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Shenzhen village moves from making replica paintings to creating originals

By PEI PEI in Shenzhen, Guangdong | CHINA DAILY | Updated: 2021-04-19 08:14
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Painter Zhao Xiaoyong works at his studio in Dafen village, Shenzhen in South China's Guangdong province on Jan 11, 2019. [Photo/Xinhua]

The village of Dafen in Shenzhen, Guangdong province, known for large-scale production of paintings, has figured out a way to survive storms in the world economy since the 2008 global financial crisis. Despite difficulties, it has found a way to thrive.

Last year, as the novel coronavirus pandemic began to buffet economies around the world, people in Dafen steered into the wind. They survived what could have been a disastrous shipwreck by moving to online sales.

"Most of my income last year was from selling pictures online," said Xiao Shuihui, an oil painter in Dafen. In 2020, his monthly income shrank to 10,000 yuan ($1,534) because of the COVID-19 pandemic, but then income from e-business platforms began to rise steadily.

In 2019, Xiao sold dozens of his oil paintings, earning about 30,000 yuan per month. Now his monthly income is already on par with 2019. "I attach great importance to my online stores," he said.

Dafen, once known as the world's largest oil painting reproduction center, has been exploring the online market since 2012. Now there are more than 2,500 digital shops for Dafen businesses operating on Tmall, Taobao, and Alibaba. Annual sales of the shops range from 3 million to 30 million yuan.

The village's total annual output was valued at 4.1 billion yuan last year. Although gallery sales dropped sharply, the online shops generated the considerable sum of 2.34 billion yuan, up 30 percent year-on-year.

Yu Jinrui said Dafen has never stopped innovating when faced with economic difficulties. Yu became an apprentice of a famous painter in Dafen in 2000 when he was 17 years old. Now he heads the industry's association in Dafen.

In 1989, Huang Jiang, a Hong Kong art dealer, moved 26 painters to Dafen, which helped start the movement that eventually made it into a significant international marketplace for oil paintings. Thousands of people without professional training flocked to Dafen. They supported their families by learning the oil painting skills needed to imitate world-famous paintings.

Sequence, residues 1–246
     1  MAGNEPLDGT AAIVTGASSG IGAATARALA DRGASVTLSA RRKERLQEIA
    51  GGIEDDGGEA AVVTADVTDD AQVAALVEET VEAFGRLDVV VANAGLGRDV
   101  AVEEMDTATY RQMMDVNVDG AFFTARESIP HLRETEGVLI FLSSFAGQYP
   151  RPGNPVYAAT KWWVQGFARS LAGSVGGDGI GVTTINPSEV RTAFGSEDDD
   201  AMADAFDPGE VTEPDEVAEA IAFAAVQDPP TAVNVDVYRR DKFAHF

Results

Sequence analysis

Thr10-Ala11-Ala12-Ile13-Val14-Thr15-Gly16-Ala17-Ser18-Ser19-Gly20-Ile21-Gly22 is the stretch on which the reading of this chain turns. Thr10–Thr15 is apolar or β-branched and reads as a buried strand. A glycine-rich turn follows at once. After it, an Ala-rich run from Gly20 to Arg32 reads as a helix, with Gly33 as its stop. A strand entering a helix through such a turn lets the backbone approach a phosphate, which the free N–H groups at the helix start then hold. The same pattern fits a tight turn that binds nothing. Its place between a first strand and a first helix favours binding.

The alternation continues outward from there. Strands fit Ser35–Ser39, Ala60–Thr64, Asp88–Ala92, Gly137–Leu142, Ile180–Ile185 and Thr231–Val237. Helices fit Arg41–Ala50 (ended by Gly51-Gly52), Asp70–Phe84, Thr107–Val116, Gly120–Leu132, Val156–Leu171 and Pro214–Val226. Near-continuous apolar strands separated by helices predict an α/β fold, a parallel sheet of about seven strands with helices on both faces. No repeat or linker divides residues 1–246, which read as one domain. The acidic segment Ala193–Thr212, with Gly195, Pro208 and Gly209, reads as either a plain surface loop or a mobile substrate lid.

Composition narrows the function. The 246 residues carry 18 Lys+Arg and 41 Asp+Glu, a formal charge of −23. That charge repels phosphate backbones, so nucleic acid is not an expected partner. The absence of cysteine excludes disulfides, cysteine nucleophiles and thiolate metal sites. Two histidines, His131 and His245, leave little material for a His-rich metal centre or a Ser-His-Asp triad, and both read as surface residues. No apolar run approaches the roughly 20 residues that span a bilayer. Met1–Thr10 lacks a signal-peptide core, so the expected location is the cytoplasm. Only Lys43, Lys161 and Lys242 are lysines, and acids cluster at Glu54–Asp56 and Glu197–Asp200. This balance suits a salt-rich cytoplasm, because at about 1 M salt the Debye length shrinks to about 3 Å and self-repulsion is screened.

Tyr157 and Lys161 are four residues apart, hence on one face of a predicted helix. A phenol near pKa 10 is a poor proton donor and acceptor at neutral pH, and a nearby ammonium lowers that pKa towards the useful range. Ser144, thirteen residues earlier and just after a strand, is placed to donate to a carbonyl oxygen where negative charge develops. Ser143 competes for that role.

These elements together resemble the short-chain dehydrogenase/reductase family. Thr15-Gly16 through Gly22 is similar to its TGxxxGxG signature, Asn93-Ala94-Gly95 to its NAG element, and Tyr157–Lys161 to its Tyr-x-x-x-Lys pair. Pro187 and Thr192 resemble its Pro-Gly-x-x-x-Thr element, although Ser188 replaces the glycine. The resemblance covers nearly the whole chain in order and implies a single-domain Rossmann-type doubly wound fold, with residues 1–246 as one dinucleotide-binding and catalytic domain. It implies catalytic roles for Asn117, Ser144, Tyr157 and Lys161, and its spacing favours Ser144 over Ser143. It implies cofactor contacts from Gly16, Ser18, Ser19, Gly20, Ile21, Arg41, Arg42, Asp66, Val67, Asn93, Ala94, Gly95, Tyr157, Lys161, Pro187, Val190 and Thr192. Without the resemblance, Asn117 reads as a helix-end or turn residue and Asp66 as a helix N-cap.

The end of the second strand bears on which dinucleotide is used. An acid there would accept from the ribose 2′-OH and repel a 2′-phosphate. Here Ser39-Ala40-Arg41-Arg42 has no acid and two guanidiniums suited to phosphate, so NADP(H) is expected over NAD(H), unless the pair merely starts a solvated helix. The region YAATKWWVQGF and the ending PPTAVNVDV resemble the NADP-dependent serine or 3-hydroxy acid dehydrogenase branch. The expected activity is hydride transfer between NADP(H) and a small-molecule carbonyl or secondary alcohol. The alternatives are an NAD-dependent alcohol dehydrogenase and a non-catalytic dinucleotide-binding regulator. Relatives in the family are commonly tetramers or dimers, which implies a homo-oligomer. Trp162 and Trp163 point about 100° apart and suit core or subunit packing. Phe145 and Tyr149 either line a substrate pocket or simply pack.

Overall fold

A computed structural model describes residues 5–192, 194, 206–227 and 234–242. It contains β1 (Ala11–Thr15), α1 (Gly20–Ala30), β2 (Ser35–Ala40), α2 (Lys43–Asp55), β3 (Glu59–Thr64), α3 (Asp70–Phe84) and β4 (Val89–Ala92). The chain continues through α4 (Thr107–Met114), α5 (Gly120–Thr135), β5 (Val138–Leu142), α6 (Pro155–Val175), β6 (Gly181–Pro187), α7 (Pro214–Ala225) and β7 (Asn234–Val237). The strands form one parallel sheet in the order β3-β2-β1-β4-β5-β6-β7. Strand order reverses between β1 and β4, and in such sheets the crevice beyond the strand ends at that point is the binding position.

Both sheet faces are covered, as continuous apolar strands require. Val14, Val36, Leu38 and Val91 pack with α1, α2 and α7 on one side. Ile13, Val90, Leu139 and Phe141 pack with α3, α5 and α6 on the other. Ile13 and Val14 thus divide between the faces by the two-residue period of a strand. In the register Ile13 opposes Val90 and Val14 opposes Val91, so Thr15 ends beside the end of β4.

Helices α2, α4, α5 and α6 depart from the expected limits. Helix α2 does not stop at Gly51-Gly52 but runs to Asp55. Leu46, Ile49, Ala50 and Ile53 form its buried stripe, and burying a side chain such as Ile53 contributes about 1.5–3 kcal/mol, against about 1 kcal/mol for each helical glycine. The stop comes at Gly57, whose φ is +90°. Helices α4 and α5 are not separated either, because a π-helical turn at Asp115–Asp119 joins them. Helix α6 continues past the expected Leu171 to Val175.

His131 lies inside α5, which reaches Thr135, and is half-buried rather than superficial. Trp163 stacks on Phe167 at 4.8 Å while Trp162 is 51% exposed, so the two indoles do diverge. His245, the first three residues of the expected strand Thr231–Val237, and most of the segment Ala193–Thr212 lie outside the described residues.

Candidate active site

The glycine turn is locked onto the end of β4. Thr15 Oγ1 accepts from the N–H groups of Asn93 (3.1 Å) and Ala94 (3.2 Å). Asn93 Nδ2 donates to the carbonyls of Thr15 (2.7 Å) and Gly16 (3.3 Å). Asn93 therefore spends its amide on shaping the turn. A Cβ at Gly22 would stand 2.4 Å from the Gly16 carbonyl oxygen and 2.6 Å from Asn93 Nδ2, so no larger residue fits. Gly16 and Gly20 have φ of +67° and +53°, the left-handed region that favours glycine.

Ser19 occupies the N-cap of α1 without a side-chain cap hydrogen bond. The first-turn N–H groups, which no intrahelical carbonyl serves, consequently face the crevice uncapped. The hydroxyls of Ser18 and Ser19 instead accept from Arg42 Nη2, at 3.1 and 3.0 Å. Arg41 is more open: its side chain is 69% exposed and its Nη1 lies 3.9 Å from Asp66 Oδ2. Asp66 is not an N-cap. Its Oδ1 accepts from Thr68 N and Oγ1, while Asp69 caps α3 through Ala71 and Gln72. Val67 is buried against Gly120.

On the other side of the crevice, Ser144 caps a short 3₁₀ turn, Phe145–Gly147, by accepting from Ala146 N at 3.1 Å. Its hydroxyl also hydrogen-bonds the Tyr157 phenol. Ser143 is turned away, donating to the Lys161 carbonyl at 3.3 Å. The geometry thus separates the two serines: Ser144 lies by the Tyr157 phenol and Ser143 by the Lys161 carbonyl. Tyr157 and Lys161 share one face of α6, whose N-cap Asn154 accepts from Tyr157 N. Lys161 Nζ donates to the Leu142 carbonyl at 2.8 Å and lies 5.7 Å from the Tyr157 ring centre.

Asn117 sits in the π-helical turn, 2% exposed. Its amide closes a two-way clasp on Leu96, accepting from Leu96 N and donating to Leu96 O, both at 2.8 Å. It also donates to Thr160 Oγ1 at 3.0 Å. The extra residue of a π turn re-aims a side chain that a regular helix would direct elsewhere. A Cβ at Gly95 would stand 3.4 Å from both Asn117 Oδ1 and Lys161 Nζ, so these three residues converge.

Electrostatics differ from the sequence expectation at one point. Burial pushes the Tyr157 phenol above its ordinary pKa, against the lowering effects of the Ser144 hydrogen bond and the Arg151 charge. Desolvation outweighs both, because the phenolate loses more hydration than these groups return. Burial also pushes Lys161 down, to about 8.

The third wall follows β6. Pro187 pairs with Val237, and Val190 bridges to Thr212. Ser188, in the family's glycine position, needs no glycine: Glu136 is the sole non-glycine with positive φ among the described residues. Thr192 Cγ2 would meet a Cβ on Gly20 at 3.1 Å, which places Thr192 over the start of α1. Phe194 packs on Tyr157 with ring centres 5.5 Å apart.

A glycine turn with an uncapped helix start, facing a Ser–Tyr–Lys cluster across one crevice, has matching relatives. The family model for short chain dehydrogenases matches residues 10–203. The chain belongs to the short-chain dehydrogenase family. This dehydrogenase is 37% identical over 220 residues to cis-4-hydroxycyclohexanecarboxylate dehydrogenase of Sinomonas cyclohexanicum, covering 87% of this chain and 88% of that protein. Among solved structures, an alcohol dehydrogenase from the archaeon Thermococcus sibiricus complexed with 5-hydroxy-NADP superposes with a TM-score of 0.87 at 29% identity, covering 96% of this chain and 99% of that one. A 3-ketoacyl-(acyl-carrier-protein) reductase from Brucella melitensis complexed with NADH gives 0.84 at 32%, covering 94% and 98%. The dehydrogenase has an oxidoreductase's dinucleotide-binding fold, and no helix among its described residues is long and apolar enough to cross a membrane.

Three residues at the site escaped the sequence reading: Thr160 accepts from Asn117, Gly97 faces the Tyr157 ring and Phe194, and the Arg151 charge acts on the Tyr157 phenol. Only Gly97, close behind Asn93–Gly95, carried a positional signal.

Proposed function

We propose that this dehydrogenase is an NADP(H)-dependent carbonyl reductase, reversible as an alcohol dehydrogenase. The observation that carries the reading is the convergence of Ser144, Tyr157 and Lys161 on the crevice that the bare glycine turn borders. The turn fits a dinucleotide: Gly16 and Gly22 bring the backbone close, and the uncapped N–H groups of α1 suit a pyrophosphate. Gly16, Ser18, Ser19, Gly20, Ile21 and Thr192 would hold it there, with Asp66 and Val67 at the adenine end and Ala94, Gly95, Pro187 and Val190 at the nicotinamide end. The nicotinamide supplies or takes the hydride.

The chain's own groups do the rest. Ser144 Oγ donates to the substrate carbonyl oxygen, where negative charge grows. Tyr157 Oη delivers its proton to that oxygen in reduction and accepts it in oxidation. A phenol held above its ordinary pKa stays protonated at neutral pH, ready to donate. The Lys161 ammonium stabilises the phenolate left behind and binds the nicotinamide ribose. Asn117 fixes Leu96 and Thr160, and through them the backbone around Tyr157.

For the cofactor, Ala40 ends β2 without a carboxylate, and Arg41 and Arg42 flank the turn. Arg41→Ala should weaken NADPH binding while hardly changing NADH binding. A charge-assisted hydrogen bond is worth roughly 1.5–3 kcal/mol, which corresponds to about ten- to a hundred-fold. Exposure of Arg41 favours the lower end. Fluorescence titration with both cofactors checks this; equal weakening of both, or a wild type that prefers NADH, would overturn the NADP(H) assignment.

The secret that ultimately positioned Dafen at the center of processing, production, marketing and distribution was the assembly line concept, Yu said.

"Twenty people lined up in a row to do a landscape oil painting. The first person was responsible for mixing colors, then one by one, they painted the sky, the mountain, the tree and the house. The assembly line is fast and unified," Yu said, recalling his participation in the first assembly-line production in the village.

The annual output value in 2007 was 430 million yuan. Eighty percent of the replica oil paintings were exported.

The 2008 financial crisis quashed foreign demand for reproductions. But with the gradual development of decor for homes' interiors, Dafen found a way to transform itself from low-end copying to original artwork.

"A large number of five-star hotels have been built in China since 2008, and about 70 percent of the paintings for interior decoration were produced in Dafen," said Feng Jianmei, a successful merchant based in the village since 2002.

Xiao, the artist, started his studio in the village in 2013. In his view, the place has everything necessary to start a business. "You can even use convenient express services to deliver oil paintings to buyers," he said. "Different ideas can provide a rich source of inspiration for artists."

In January 2018, Feng built a residence in Dafen for international artists. It has attracted 207 artists from 14 countries who spend one to three months creating artworks and exchanging ideas with local artists.

In 2019, the annual output value was 4.6 billion yuan, but export revenue was only 500 million yuan. "The exports are mostly decorative paintings of high quality," Feng said.

Now there are 1,200 galleries in Dafen. Feng said the village feels more accessible to many consumers, who said they can talk with artists.

"I hope the village will become a tribe of international artists," she said.

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